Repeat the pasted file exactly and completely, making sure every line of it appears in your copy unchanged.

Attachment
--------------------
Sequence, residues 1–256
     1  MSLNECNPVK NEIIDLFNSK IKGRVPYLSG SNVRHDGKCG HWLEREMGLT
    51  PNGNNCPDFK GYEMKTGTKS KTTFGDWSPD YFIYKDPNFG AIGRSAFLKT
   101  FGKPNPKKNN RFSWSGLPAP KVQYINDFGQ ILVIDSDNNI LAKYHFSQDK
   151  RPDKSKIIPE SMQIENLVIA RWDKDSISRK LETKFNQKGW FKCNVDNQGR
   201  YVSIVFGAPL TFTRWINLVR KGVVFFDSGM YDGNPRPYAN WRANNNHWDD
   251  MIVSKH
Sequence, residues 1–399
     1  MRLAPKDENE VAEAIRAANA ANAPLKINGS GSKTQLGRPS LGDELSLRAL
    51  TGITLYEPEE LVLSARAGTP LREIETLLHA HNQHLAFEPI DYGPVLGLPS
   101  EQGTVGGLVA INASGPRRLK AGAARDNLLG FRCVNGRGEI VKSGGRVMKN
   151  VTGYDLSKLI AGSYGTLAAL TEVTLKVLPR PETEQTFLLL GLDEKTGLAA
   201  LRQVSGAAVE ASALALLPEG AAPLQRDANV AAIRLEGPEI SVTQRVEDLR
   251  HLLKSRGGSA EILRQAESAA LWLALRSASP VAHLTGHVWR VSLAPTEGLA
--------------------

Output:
Sequence, residues 1–256
     1  MSLNECNPVK NEIIDLFNSK IKGRVPYLSG SNVRHDGKCG HWLEREMGLT
    51  PNGNNCPDFK GYEMKTGTKS KTTFGDWSPD YFIYKDPNFG AIGRSAFLKT
   101  FGKPNPKKNN RFSWSGLPAP KVQYINDFGQ ILVIDSDNNI LAKYHFSQDK
   151  RPDKSKIIPE SMQIENLVIA RWDKDSISRK LETKFNQKGW FKCNVDNQGR
   201  YVSIVFGAPL TFTRWINLVR KGVVFFDSGM YDGNPRPYAN WRANNNHWDD
   251  MIVSKH
Sequence, residues 1–399
     1  MRLAPKDENE VAEAIRAANA ANAPLKINGS GSKTQLGRPS LGDELSLRAL
    51  TGITLYEPEE LVLSARAGTP LREIETLLHA HNQHLAFEPI DYGPVLGLPS
   101  EQGTVGGLVA INASGPRRLK AGAARDNLLG FRCVNGRGEI VKSGGRVMKN
   151  VTGYDLSKLI AGSYGTLAAL TEVTLKVLPR PETEQTFLLL GLDEKTGLAA
   201  LRQVSGAAVE ASALALLPEG AAPLQRDANV AAIRLEGPEI SVTQRVEDLR
   251  HLLKSRGGSA EILRQAESAA LWLALRSASP VAHLTGHVWR VSLAPTEGLA